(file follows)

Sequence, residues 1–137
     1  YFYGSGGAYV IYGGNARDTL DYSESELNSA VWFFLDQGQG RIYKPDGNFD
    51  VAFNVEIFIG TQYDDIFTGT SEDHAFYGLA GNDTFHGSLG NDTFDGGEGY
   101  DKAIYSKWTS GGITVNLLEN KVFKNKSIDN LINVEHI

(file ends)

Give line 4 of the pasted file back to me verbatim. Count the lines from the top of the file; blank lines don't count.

   101  DKAIYSKWTS GGITVNLLEN KVFKNKSIDN LINVEHI